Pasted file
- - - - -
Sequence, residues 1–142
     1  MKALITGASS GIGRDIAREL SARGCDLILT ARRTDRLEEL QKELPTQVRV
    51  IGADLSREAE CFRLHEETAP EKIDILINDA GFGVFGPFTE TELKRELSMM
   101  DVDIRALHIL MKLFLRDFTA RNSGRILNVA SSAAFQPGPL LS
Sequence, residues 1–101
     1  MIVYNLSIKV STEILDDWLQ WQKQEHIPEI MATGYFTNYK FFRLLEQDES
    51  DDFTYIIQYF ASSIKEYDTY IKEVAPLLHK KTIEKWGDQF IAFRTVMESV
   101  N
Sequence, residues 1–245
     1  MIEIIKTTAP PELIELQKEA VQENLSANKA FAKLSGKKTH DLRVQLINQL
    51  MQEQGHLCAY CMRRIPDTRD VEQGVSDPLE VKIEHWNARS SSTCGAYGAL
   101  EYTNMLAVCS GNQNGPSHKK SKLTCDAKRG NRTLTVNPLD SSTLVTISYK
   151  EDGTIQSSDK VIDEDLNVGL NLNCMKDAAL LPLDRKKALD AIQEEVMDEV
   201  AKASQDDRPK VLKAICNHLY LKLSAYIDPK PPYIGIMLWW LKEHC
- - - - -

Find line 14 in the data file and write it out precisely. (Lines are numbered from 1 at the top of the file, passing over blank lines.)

   201  AKASQDDRPK VLKAICNHLY LKLSAYIDPK PPYIGIMLWW LKEHC